My name is Nhung Hong Nguyen. I’m a senior majoring in International Relations at Diplomatic Academy of Vietnam. In Vietnam, people don’t pay much attention on terrorism, normal people and the media consider that topic as one of many events happening around the world. One of the reasons for that might be Vietnam is a peacefull country so Vietnamese people don’t understand why people make a big deal out of it. However, after the 9/11 and many other deadly attacks, they know terrorism is one of the hottest topics and get to know some names such as Al-qaeda, the Tamil Tigers and so on. Due to my study, I have to do many research on international news. Therefore, I have some basic knowledge on terrorism topic. I think this is a good topic to get to know one of the hottest news in the world and diffferent cultures as well.

Terrorism from the Perspective of Communication

There are many different definitions of the term “terrorism.” The United States Law Code states that “[The term] terrorism means any group, or which has significant subgroups which practice, international terrorism.”[1] In Terrorism and the Press, one of the definitions mentioned was from the International Encyclopedia of Terrorism: “the selective or indiscriminate use of violence in order to bring about political change by inducing fear.[2] To me, I find that the term “terrorism” can be defined as a means of communication: terrorism is when the terrorists (the sender) attack other innocent civilians (create an act) to send messages to the rest of the public (the receivers). These messages might be to influence what people do, to threaten others, or merely to express hatred, etc. Read more

Bloody Sunday-A version of truth

Ireland is known for its rich culture and many historical landmarks. Most of Ireland’s history is marked by the struggle against invaders and civil conflicts, which were at the root of the violence in the country. But deep inside, the Irish people have an innate love for their country and for their heritage. One of the historical events that led to the hatred of the British’s presence in Northern Ireland was the Bloody Sunday march. Released in 2002, the movie Bloody Sunday drew much attention as it strived to reconstruct the event. Read more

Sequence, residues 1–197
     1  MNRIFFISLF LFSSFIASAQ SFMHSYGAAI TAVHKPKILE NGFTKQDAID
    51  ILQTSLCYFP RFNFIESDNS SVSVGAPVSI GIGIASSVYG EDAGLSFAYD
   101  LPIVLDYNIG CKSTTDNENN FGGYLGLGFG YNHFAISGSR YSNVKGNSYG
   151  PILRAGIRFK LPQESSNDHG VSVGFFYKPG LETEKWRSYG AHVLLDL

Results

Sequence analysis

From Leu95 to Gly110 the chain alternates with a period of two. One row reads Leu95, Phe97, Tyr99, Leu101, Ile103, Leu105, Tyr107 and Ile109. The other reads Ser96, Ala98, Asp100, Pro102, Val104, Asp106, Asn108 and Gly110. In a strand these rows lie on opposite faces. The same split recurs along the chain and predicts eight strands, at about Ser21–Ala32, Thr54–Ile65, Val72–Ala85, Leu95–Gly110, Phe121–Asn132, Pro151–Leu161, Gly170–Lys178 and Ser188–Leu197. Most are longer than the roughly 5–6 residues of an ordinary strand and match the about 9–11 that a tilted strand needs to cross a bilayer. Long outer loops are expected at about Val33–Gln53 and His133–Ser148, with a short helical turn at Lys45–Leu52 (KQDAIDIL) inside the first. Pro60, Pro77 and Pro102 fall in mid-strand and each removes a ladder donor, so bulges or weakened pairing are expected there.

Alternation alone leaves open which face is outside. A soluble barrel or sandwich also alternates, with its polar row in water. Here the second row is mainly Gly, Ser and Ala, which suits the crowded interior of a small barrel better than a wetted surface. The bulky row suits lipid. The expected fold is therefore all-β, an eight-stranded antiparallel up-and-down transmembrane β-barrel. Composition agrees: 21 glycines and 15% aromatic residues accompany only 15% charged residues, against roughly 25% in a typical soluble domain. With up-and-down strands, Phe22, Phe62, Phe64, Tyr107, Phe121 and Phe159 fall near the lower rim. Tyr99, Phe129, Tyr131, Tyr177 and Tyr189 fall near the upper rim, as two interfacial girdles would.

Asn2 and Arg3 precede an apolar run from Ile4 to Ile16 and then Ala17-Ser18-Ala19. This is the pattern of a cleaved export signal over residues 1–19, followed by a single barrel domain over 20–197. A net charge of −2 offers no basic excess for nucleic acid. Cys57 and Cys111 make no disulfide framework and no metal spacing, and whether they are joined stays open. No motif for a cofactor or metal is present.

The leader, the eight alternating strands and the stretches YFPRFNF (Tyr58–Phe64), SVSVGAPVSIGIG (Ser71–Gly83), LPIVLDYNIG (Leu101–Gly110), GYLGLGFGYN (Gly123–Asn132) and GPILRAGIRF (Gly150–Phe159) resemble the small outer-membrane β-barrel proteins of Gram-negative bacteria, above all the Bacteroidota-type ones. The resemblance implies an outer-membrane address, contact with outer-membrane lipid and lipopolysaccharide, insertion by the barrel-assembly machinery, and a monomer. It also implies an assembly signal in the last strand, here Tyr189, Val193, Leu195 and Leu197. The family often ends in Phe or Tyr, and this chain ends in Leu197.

9/11

HON 394—Terrorism and the Press

Paper #1—9/11

The attack of 9/11 in the United States has caused changes in many aspects of the world’s issues, including media. The event put media in a position to depict 9/11 from a multi-dimensional view, from politics, religions, and military to humanity. Across the globe from the United States, 9/11 was seen from a different view from the world of Muslims, Arabs, and Islam, attracting large attention from the media. Egypt is one of the Muslim countries, where Muslims comprise between 80% and 95% of the population. Thus, understanding how media covered the 9/11 event hopefully would provide a more diversified view of Muslim on the 9/11 attacks. The Al-Ahram Weekly in Egypt is as popular to the Egyptian as the New York Times to the United States of America. As one of the leading daily news organization, the Al-Ahram Weekly followed and covered the attacks of 9/11 closely. Read more

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Terrorism and the Press

This blog is an integral part of a special section of Honors 394 Spring 2010, Arizona State University. Rather than a routine history course this dynamic, interactive seminar explores the interplay between terrorism and television, and other media sources on-line and in print. 26 students and their global pen pals comprise the bloggers. We welcome all to share their opinions, pertinent observations, insights, comments, feedback. Please post in a responsible manner.